PEACEDOGMAN - Jan. 13th, 2009

For anyone suffering from trying to digest the multiple overdubs and fifteen years of fiddling about presented on the recently surfaced GUNS N' ROSES album, the perfect antidote may just be waiting in the stripped down simplicity of one-man outfit and "folk-punk troubadour" GHOSTWRITER. Alternatively billed as "a one-man existential blues machine", a label I think is more accurate, Steve Schecter with his home made percussion device and hollow-body guitar, harmonica and banjo produces songs that sound instantly more focused than any over-produced "opus" will likely sound whilst his voice, reminiscent at times to a young ALICE COOPER ("Captain" reminding me somewhat of "Is It My Body?"), delivers cleverly observed lyrics that turn out surprisingly often to be deceptively upbeat.

The songs themselves are unassuming but effective. Few will appear in your "best ever" lists but collectively they make the album a fine set of modern day stories set to traditional music. The superb rail-road blues of "Mobile Line" recalls simpler days whilst the message is from the modern era. The harmonica that ultimately drenches it though is age old, as is the drone of the guitar that marks the excellent "Clean Slate". "These Old Songs" may at first contradict the rough hewn feel of most of the material but again it's a clever lyric proving, and this trick is repeated on "Breaking Point" and "Hills" too, more optimistic than a cursory listen may suggest.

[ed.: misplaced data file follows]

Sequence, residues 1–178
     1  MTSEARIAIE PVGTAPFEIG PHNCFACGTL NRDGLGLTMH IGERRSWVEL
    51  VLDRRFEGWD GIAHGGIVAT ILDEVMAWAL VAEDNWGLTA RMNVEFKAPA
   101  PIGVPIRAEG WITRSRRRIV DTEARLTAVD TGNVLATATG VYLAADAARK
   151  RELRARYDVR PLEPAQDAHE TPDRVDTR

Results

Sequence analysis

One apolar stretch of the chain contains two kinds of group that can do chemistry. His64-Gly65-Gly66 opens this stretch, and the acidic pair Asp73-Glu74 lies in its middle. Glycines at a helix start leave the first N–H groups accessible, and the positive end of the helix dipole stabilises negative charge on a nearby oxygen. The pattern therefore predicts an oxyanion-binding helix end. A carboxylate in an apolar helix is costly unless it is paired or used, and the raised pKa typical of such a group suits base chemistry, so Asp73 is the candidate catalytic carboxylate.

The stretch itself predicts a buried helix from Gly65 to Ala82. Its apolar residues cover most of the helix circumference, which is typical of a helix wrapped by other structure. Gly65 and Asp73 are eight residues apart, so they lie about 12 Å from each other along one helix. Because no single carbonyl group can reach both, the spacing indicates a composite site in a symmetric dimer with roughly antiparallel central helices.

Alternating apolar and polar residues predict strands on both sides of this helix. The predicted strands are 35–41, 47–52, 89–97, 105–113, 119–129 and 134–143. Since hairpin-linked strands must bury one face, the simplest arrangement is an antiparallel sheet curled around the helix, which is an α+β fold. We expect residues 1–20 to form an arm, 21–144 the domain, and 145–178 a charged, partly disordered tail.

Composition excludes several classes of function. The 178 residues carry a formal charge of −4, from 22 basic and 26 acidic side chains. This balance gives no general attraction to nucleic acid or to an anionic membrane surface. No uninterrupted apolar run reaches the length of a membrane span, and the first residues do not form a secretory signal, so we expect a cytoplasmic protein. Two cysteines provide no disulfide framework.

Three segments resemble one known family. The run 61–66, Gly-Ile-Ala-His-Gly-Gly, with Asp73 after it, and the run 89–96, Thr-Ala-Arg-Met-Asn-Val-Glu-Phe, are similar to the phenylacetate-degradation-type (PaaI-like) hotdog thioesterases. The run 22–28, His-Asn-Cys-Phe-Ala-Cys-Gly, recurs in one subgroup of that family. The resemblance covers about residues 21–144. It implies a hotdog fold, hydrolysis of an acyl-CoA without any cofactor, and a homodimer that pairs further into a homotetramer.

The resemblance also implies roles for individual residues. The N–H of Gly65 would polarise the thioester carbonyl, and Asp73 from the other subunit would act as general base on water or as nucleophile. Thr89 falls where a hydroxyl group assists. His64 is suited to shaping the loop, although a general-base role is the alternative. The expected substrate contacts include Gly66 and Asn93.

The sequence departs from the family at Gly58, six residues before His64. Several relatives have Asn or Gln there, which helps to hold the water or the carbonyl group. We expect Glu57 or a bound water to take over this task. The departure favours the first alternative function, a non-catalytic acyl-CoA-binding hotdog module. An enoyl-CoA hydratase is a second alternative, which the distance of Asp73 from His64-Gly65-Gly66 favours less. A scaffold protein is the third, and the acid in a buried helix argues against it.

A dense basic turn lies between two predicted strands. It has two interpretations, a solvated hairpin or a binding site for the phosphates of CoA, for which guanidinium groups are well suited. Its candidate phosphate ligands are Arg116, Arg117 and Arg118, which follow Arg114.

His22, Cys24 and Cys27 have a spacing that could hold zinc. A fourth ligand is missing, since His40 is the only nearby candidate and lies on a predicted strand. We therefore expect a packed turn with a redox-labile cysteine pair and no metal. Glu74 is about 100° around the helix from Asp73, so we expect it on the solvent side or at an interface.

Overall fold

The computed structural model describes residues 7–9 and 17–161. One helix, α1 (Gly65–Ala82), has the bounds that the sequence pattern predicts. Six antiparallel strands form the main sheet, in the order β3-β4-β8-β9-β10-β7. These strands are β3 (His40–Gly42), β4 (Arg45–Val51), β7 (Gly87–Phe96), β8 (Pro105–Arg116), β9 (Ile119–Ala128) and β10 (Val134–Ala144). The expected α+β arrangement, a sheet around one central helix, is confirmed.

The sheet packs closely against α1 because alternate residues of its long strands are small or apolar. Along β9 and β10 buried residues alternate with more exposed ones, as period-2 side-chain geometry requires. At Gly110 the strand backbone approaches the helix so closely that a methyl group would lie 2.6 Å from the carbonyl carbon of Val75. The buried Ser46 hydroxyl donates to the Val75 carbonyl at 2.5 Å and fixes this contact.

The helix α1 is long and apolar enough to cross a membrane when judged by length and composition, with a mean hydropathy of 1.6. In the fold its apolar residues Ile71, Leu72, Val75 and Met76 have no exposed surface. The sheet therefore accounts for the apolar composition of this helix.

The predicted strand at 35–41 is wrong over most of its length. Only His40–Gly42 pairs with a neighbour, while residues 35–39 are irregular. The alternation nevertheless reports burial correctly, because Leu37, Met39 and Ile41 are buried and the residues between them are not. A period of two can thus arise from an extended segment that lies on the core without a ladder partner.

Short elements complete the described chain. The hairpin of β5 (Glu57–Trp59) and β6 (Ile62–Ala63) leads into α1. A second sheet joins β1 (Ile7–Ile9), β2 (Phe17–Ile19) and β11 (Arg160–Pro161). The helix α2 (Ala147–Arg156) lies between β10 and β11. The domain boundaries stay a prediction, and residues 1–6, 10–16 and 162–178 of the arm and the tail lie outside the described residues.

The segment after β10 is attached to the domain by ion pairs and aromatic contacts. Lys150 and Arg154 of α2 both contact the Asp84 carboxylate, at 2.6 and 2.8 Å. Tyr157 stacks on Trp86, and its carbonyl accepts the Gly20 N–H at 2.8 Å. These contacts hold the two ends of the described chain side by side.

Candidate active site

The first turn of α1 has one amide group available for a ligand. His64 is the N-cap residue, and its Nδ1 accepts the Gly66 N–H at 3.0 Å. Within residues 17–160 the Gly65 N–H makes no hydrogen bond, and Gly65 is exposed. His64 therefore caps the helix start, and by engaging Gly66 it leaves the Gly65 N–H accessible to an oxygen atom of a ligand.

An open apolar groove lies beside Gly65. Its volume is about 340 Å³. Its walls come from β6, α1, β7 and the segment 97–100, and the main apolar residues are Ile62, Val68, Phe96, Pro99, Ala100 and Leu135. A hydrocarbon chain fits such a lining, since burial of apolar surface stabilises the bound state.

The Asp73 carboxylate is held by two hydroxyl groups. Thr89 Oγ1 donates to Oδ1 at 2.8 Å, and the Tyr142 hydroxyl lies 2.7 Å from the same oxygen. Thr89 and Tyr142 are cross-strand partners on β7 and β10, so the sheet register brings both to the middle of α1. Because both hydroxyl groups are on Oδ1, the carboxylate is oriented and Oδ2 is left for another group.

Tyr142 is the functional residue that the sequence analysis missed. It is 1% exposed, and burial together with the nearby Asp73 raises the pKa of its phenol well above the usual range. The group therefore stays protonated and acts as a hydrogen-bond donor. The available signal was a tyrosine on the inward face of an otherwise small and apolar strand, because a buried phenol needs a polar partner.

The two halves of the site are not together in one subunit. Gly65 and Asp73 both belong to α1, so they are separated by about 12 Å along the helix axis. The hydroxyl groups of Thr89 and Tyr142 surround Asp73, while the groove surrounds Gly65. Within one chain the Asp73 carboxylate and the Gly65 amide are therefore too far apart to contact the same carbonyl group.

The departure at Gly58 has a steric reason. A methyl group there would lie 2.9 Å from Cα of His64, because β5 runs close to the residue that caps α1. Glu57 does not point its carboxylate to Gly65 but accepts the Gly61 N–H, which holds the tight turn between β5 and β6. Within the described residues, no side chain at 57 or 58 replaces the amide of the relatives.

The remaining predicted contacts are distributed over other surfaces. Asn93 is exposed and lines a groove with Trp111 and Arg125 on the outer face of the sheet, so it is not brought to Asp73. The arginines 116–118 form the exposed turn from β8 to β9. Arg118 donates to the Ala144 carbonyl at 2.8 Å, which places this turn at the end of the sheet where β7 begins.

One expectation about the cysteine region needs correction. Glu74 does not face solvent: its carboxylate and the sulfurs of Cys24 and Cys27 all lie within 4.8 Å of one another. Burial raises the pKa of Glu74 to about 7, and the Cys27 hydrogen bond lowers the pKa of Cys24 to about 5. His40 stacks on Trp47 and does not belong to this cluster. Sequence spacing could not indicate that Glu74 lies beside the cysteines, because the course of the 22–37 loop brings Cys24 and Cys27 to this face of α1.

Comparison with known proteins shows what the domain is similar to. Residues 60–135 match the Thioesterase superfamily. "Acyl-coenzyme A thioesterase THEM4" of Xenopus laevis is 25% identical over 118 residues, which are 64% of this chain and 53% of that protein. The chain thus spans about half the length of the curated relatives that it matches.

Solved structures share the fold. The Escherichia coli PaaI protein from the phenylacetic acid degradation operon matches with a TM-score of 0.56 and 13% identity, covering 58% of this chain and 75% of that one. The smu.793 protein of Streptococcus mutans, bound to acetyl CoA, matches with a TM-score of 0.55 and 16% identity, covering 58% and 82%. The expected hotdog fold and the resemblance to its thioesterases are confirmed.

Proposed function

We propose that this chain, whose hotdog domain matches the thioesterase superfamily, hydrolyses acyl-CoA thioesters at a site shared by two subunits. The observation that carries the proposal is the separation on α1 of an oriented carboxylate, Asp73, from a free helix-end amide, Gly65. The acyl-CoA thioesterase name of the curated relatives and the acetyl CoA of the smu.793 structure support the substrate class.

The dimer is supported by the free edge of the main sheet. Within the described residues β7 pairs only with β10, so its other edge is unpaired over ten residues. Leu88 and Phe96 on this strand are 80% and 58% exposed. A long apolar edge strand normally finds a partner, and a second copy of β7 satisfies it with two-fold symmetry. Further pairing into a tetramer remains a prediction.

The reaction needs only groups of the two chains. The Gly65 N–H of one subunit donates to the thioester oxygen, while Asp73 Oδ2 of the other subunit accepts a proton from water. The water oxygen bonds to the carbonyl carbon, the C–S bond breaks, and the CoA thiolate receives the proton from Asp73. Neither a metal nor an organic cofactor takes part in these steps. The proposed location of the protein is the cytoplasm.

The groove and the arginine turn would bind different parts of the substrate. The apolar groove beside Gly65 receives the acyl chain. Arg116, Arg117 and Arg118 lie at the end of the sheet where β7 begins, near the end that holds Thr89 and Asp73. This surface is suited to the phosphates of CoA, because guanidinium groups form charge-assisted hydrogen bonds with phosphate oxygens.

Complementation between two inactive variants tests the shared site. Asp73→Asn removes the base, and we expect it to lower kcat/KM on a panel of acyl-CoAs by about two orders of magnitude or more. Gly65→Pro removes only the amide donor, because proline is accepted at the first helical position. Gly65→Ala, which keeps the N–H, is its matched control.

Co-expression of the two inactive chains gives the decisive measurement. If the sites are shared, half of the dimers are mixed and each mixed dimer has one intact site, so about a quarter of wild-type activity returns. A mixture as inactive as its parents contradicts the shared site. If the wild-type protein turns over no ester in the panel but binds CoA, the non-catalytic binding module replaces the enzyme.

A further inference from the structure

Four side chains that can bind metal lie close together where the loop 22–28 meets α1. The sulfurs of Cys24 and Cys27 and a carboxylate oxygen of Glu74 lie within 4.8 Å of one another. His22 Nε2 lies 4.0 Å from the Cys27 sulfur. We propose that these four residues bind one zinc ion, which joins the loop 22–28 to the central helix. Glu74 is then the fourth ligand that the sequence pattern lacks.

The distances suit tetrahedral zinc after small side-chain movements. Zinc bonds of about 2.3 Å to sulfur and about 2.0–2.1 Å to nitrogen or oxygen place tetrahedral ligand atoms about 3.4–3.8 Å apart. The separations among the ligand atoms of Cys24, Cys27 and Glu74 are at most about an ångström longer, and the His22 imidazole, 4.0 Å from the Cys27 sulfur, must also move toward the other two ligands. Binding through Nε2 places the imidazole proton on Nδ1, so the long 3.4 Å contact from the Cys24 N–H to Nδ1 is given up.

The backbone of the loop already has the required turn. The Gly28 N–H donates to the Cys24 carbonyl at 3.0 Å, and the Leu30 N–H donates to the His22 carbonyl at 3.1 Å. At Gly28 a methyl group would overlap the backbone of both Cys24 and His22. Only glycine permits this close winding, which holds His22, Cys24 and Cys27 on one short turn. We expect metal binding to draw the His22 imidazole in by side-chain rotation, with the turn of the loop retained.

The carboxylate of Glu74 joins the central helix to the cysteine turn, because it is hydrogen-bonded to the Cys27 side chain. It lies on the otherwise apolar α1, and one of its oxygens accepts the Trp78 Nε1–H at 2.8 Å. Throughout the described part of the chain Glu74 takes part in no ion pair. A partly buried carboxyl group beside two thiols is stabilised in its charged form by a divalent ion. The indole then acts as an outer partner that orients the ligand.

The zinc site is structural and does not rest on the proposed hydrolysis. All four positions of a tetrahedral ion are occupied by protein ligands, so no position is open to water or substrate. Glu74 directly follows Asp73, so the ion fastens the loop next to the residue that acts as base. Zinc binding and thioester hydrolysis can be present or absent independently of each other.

Ultimately, this is a good disc to offer up as proof that you don't need excessive, multi-layered studio trickery to deliver a perfectly listenable album and a perfectly fine listen this is. The only fiddling about being the welcome addition of a guest fiddle player on the beautifully languid "Blue Eyed Girl".

       -Bill Leslie

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